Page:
Raymond Albert Gardner

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Published on stuff.co.nz 22/06/2018

https://www.stuff.co.nz/national/104920012/nelson-farmer-banned-for-illtreatment-of-dead-rotting-and-dying-calves

A Nelson judge found himself in a “very difficult position” when finding an appropriate sentence for a 77-year-old Richmond farmer charged with animal cruelty.

Inspections of a Redwood Valley beef farm belonging to Raymond Albert Gardner, 77, uncovered dead, rotting, and dying calves, cows in “obvious pain and distress” with skin sores and diarrhoea, and cattle housed in a shed that was a “deep boggy mix of sawdust, mud, water and effluent”.

Gardner was sentenced in the Nelson District Court on Friday on three charges of failing to provide treatment to ill and injured animals, three of failing to meet animals’ needs, three of keeping a suffering animal alive, and two of ill-treating an animal.

Judge David Ruth said at sentencing it was “serious-end offending”, but the court had found itself in a difficult position determining a suitable sentence.

“If he was a younger man he’d go to jail … because of his age and circumstances imprisonment would be quite inappropriate and so home detention is also out of the equation.”

In a some instances he thought calves in his care had already died – one “moribund” calf was outside the pens, half buried in mud and Gardner told inspectors it was dead; it was found to be still breathing.

A further nine calves were found dead, and Gardner said they’d died from scours as he’d been feeding them a mix of lamb’s milk powder and green-top milk as he hadn’t been able to get calf milk powder.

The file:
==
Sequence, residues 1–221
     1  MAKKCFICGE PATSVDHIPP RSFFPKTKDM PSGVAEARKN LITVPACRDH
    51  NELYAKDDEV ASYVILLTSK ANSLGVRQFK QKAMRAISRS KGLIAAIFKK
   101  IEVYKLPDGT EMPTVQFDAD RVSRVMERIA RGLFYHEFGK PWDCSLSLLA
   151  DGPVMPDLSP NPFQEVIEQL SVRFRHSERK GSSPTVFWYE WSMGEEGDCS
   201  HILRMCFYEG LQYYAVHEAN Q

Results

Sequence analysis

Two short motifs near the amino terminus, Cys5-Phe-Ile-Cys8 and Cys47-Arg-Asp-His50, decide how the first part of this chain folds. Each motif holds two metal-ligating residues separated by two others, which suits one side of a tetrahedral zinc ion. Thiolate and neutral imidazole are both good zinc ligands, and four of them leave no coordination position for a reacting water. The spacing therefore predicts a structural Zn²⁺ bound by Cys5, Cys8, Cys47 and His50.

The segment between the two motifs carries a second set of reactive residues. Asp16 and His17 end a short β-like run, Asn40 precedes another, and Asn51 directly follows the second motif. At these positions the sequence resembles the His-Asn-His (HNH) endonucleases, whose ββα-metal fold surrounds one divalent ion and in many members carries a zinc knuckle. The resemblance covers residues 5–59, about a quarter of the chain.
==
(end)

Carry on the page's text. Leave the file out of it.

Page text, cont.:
One calf was found alive but “collapsed”, “emaciated” and “flyblown” with mature maggots and new eggs, and had to be euthanised immediately by a vet.

Despite being given a treatment plan involving electrolytes and proper feeding regime, over the course of months Gardner failed to improve the conditions on the farm, and was charged with animal cruelty.

In sentencing, Judge Ruth said Gardner couldn’t do community work, due again to his age and personal circumstances.

He agreed with Ministry of Primary Industries lawyer Julie Wotton’s calculations for an appropriate fine, which had a starting point of more than $50,000.

However, even if he applied generous, but feasible, discounts based on personal circumstances and guilty pleas, it would still be more than $20,000 – “out of the question” in terms of what Gardner’s assets and finances.

Judge Ruth was aware Gardner had suffered a serious injury and it appeared that had affected his ability to manage animals.

“Otherwise, simply on the face of it, the evidence before me would indicate totally callous and cruel behaviour, otherwise inexplicable.”